Aside from not adhering to an intent-to-treat design, here’s where the study is truly revealed to be crap. This huge lapse was pointed out on Twitter by Gaetan Burgio, an Australian geneticist, who waded into the supplementary data and found this table:

And Rachael Dunlop, who did the same, and posted this to Facebook:

Read the Tweet and the Facebook post, but to make a long story short, researchers didn’t do PCR on a lot of the samples from the controls. They used incomplete data from even their own patients and didn’t do an intent-to-treat analysis and also had very small numbers. It’s also unclear to me what criteria were used to determine who got azithromycin. All the paper says is that it was given to six patients to suppress upper respiratory infections, noting simply that “depending on their clinical presentation, azithromycin was added to the treatment” and that it was added to “prevent bacterial super-infection.”

As for the PCR, I am unclear on how this assay was carried out. Because PCR amplifies nucleotide sequences exponentially, small differences in technique, temperature cycling settings, etc. can make a huge difference. I’ve done a lot of PCR. The primer sequences used are not included, and the only reference to PCR methods is a citation of a paper that hasn’t been published yet. This is basically all the method:

For all patients, 500 μL of the liquid collected from the nasopharyngeal swab were passed through 0.22-μm pore sized centrifugal filter (Merck millipore, Darmstadt, Germany), then were inoculated in wells of 96-well culture microplates, of which 4 wells contained Vero E6 cells (ATCC CRL-1586) in Minimum Essential Medium culture medium with 4% fetal calf serum and 1% glutamine. After centrifigation at 4,000 g, microplates were incubated at 37°C. Plates were observed daily for evidence of cytopathogenic effect. Presumptive detection of virus in supernatant was done using SU5000 SEM (Hitachi) then confirmed by specific RT- PCR.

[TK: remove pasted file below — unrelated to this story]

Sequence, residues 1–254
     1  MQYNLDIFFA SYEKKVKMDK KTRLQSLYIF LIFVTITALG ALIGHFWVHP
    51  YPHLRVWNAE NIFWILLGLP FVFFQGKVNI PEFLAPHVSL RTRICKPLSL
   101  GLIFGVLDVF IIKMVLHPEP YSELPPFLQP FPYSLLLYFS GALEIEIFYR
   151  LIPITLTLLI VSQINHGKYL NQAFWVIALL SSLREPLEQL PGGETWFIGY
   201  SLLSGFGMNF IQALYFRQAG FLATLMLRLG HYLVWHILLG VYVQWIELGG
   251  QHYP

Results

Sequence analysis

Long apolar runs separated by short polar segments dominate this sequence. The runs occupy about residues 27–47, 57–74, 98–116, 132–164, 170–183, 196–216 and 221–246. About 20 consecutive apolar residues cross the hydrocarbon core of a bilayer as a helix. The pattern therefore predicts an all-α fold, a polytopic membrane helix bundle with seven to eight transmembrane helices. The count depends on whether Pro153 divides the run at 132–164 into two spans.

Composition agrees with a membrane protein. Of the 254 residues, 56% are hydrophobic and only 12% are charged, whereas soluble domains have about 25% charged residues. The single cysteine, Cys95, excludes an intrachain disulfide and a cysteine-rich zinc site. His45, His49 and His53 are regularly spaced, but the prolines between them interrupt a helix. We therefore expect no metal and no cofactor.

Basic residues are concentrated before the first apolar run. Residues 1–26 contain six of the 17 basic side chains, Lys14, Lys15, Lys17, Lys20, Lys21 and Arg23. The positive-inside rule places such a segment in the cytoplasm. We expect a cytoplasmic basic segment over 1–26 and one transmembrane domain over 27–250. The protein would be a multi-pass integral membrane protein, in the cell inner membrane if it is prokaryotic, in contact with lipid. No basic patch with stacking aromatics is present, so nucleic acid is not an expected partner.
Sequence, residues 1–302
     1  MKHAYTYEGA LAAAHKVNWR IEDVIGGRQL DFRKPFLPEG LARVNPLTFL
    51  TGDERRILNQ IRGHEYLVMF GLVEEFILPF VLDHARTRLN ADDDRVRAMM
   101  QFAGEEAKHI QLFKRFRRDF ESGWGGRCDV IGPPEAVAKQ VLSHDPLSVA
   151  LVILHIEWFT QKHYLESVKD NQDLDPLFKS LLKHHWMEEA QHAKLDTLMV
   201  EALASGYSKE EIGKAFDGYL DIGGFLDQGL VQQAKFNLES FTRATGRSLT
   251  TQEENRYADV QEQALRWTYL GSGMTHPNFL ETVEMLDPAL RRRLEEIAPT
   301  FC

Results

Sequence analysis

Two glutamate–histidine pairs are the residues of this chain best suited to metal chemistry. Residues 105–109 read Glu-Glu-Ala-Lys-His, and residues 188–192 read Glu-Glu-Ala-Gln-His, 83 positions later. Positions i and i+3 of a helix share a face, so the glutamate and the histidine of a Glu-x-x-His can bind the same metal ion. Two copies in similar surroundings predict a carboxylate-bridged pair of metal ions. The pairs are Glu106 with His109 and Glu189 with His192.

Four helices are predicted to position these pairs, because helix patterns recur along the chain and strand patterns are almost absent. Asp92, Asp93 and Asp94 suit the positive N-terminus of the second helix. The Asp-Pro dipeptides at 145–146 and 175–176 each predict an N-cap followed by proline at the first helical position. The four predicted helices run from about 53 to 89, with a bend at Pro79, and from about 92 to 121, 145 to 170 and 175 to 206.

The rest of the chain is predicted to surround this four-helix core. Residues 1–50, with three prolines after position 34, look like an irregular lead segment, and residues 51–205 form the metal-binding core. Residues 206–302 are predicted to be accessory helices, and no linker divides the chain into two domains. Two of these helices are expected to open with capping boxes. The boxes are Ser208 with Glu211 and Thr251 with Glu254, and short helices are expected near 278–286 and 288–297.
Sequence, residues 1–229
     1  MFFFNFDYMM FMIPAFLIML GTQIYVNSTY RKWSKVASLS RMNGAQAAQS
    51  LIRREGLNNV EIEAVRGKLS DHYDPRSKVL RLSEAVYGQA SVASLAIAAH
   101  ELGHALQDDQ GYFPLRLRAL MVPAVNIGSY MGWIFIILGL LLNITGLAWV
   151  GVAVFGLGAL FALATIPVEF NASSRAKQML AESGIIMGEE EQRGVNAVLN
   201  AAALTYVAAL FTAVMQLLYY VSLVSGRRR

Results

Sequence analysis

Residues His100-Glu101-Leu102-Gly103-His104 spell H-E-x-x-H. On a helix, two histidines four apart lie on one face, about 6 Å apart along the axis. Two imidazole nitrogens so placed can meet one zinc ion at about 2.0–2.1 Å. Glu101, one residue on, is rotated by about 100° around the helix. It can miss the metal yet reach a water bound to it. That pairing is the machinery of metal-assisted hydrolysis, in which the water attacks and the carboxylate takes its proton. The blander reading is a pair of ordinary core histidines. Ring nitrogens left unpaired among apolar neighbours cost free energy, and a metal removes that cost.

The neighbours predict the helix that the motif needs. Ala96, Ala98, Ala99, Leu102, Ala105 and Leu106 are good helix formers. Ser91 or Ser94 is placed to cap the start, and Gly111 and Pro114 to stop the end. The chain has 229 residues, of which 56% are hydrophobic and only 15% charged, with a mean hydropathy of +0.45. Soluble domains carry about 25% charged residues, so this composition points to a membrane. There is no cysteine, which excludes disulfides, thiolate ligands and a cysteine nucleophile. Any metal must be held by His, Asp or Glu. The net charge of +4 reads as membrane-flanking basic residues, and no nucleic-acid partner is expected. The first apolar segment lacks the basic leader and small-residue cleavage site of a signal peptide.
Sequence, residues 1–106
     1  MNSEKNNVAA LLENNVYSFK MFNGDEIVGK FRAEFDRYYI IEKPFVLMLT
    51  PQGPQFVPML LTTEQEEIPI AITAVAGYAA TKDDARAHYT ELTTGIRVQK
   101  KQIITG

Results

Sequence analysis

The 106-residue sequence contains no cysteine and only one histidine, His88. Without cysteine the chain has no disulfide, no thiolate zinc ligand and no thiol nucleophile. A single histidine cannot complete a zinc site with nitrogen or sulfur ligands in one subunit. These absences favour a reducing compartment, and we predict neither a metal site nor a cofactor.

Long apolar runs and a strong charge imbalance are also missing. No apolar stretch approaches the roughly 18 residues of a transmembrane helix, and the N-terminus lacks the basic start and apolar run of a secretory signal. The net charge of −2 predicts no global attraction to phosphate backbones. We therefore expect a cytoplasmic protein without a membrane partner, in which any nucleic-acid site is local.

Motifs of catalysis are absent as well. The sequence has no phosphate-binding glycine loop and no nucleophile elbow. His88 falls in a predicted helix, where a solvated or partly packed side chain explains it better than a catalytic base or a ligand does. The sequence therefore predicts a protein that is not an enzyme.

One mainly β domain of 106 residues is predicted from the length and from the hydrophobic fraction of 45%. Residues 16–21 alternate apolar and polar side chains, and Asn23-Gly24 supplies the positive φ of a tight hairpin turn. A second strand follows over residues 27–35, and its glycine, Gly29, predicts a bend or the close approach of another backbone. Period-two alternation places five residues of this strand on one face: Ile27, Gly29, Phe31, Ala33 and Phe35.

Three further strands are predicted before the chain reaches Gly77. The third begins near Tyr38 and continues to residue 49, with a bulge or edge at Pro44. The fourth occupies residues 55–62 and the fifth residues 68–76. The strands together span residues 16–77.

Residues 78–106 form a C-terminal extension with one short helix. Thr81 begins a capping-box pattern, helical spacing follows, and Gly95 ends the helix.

This is a two-step assay. First, the swab contents were sterilized by filtration and inoculated on Vero E6 cells, which were examined daily for evidence of viral replication (cytopathic effect, meaning that cells were dying because the virus was replicating in them). Then the media was examined under scanning electron microscope for virus particles, only after which was PCR done. So wait a minute. This, of course, leads me to wonder why only PCR results were reported and whether the virus was seen in the media by electron microscope. Was PCR not done on some of the samples because no viral particles were seen by scanning electron microscope? Inquiring minds want to know! In any event, a procedure as tricky as trying to culture virus in cells, isolating RNA from the viral particles in the supernatant, and then doing RT-PCR has a lot of places where things can go wrong and/or where results can vary a lot depending on small differences in technique. Standardization is key, as is blinding of laboratory technicians doing the assays to the group that the patients came from. (Perhaps virologists can elaborate on the assay used to detect SARS-CoV-2 here.)

Worst of all, there is no evidence from this paper that these two drugs made any difference in the clinical outcomes of these patients. I understand that this was a pilot study and that it will require a much larger trial to determine if hydroxychloroquine has any effect on clinical outcomes, but the hype over this study is unconscionable. This is at best an uncertain result from a very preliminary study with very serious methodological shortcomings that looked only at viral positivity in nasopharyngeal aspirates. The authors justify their publication thusly:

For ethical reasons and because our first results are so significant and evident we decide to share our findings with the medical community, given the urgent need for an effective drug against SARS-CoV-2 in the current pandemic context.